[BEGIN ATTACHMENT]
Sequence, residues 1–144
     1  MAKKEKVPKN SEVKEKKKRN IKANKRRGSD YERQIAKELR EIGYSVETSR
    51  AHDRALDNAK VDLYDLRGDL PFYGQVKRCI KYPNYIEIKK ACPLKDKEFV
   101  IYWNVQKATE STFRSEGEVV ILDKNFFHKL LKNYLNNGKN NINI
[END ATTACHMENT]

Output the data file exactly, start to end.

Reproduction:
Sequence, residues 1–144
     1  MAKKEKVPKN SEVKEKKKRN IKANKRRGSD YERQIAKELR EIGYSVETSR
    51  AHDRALDNAK VDLYDLRGDL PFYGQVKRCI KYPNYIEIKK ACPLKDKEFV
   101  IYWNVQKATE STFRSEGEVV ILDKNFFHKL LKNYLNNGKN NINI